"Sleeping Dragons" by Lynette Aspey also feels like the first part of a longer work, but it holds together better than "Biography...." Elaine is a young girl whose baby brother Ryan was hatched from a golden egg. Ryan is, as you might expect, not your average little boy: he is the offspring of a dragon goddess who came to Earth thousands of years past and landed in Vietnam. Elaine's father purchased Ryan's egg from the family who has guarded it ever since; guarded it for so long that even they began to doubt the truth of the old stories.
Elaine, Ryan and her father live happily alone in the Australian outback until the arrival of Mr. Pham, the father of the woman who sold Ryan's egg. Mr. Pham has come for Ryan. Ryan needs protection and training, which Mr. Pham can provide. Neither Elaine nor her father want to give Ryan up, but they know they must do what's best for the boy.
But does Mr. Pham have Ryan's best interests at heart? And will the Australians give up the baby? The resolution is not much of a suprise, but entertaining all the same.
"The Hat Thing" is a quick little consideration of the tells that would identify the time travelers among us. Suffice it to say, watch the way you smoke your cigarette.
I reacted to the first story I read in Charles Stross' "Accelerando" series the way I reacted to "Johnny Mnemonic" by William Gibson: with an exhilirating sense that this was something completely new in science fiction.
The "Accelerando" series follows one Manfred Macx into the singularity and out the other end. We're past the singularity at the beginning of "Elector," which takes place in the refugee camps on Saturn. The camps are rapidly filling with the incarnated simulations of historical persons, created by the Vile Offspring (weakly godlike intelligences, self-evolved from human-equivalent intelligences) for their own mysterious purposes. Manfred Macx has decided to give up his existence as an emergent function of a flock of passenger pigeons in order to incarnate and help his daughter, Amber Macx, run for office.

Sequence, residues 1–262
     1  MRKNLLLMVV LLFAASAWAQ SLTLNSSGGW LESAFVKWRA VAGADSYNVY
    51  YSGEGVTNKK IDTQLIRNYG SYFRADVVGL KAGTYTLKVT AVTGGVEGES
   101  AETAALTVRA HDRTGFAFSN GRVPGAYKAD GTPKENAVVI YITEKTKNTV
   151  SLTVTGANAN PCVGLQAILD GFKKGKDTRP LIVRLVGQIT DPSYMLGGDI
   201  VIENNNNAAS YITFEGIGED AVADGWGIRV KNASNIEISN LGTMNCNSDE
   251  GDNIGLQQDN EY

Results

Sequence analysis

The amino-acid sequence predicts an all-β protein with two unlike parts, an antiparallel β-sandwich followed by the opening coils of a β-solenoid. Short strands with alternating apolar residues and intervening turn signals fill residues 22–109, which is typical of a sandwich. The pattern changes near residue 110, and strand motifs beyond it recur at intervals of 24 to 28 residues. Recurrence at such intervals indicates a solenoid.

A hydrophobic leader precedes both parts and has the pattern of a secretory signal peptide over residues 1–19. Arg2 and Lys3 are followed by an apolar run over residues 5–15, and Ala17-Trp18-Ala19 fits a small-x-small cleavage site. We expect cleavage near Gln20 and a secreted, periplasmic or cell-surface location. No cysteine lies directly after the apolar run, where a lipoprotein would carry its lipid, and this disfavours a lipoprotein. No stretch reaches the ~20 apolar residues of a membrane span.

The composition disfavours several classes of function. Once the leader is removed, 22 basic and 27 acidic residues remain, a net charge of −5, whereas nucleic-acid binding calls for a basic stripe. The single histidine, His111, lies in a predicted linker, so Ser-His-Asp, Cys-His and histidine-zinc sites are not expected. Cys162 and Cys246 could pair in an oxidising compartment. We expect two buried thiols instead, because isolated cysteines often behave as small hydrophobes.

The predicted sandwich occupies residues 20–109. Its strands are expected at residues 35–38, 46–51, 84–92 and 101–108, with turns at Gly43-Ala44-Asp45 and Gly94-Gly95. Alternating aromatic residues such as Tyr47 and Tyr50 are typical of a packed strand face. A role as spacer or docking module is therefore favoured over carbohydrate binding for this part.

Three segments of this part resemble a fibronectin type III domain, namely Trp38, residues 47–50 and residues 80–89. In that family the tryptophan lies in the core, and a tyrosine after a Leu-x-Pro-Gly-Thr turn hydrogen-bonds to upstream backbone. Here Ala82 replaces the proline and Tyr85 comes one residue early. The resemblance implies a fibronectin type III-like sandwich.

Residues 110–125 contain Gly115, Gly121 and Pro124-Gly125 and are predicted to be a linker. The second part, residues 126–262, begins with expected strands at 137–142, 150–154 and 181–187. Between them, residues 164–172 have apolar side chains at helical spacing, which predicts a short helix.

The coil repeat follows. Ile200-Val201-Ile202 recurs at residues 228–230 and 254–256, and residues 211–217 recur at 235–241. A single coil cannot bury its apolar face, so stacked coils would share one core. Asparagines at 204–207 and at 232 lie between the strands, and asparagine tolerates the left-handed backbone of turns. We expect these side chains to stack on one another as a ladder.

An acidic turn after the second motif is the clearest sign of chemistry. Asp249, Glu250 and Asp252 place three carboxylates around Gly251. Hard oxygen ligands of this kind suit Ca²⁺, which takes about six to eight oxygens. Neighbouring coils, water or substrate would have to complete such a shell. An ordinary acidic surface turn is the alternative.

The City (the name for the habitat on Saturn) is about to conduct an election. The stakes are higher than most people realize: the Vile Offspring may be coming for Saturn sooner rather than later, and the conduct of the election may determine whether human-equivalent intelligences will survive.
Did I say "The Pasho" was dense? "Elector" is so jam-packed with ideas you'll want to take a breather after every paragraph. Take this sentence, for example: "The big question is whether information originating in our light cone is preserved, or whether we're stuck in a lossy medium where our very existence counts for nothing."
It ain't easy getting through the stories in this series, but it's fantastic and engrossing. "Elector" is par for the course.
Overall, September is a meaty issue, and well worth the cover price.
Jeremy Lyon is a freelance writer, tech industry cube farmer and the publisher of Futurismic, a site for people interested in the future and the effects of science and technology on the present, now featuring original fiction.